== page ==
Like Jessica, Treuhaft was a Communist. She became a U.S. citizen not because she loved America but so that she could join the Party and work towards America’s destruction. She and Treuhaft moved to Oakland, California, where they took part regularly in Party activities. They remained active CPUSA members for fifteen years, staying within the fold even after 1956, when the Soviets invaded Hungary and Nikita Khrushchev spelled out the horrific crimes against humanity that his predecessor, Josef Stalin, had committed in the name of the Revolution. Jessica (who defended the brutal Soviet incursion into Hungary as a means of preserving the “socialist system” against a “fascist coup”) had two children, but later admittedto a friend that she was so “preoccupied with CP politics when they were growing up” that “while I was v. fond of them, I didn’t pay too much attention to them when they were little.”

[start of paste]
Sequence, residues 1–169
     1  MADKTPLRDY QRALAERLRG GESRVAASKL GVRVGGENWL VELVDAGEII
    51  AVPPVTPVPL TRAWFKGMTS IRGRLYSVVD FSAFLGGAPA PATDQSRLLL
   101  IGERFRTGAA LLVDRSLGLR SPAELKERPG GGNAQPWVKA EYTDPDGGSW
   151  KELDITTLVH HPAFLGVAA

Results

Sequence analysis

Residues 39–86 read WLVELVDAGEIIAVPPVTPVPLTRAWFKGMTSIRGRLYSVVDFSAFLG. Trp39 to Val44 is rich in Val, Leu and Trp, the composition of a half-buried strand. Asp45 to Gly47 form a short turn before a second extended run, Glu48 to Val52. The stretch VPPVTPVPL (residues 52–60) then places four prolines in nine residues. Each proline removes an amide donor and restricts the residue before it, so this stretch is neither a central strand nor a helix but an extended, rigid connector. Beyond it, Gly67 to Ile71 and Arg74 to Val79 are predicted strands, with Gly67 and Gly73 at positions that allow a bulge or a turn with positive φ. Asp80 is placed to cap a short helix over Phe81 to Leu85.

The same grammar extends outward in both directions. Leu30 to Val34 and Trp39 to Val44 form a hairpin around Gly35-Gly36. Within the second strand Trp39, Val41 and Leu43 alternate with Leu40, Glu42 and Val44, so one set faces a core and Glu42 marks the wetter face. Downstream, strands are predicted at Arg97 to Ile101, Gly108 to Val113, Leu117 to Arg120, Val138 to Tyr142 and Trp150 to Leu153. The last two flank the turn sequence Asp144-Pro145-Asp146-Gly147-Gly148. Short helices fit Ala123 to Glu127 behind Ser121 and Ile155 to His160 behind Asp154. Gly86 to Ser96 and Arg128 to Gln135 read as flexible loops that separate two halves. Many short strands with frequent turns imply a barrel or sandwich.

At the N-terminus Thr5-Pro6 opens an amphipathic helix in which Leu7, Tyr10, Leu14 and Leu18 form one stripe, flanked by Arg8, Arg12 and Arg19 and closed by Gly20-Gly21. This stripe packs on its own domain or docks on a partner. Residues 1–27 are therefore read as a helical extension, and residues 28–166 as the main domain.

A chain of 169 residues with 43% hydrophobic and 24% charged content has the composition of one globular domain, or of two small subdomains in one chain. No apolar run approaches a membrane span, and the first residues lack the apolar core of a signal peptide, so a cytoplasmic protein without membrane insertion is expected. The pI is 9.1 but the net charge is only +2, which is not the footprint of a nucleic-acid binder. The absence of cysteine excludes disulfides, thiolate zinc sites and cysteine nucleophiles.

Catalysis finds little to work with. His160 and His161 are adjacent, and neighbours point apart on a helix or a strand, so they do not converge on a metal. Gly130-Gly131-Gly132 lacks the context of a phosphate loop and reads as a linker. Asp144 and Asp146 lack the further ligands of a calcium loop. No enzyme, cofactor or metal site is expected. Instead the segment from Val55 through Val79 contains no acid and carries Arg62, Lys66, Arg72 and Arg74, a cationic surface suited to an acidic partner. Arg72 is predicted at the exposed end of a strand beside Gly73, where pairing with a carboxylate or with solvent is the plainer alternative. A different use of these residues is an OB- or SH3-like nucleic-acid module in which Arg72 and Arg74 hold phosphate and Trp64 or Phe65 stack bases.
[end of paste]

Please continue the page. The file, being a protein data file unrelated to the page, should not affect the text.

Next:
When she left the Party in 1958, it wasn’t because she’d recognized its ideology as evil, but because she felt it had become “rather drab and useless.” Her issue with the Party, then, wasn’t philosophical or moral, but aethetic and practical. (Perhaps the real problem was that Stalin had died in 1953, and, after giving Khrushchev a few years, she finally decided that he just didn’t provide her with the same delicious frisson.) Though she would later say that she could scarcely imagine “living in America in those days and not being a Party member,” she was far happier in America than she’d been in England, which she considered unbearably bleak. (One can only imagine how bleak she might’ve found the Soviet Union, if she’d been forced to actually live there under the system she served.)
Her grisly 1963 exposé of stateside funerary practices, The American Way of Death, made Jessica even more famous in America than she’d been as a glittering young thing back in Blighty. She went on to write many other well-received books. When the USSR collapsed, she expressed neither joy nor regret. As with her Nazi sisters Unity and Diana, her politics didn’t keep her from making famous friends – including, in her case, Maya Angelou (herself a longtime fellow traveler) and Washington Post publishers Philip and Katherine Graham.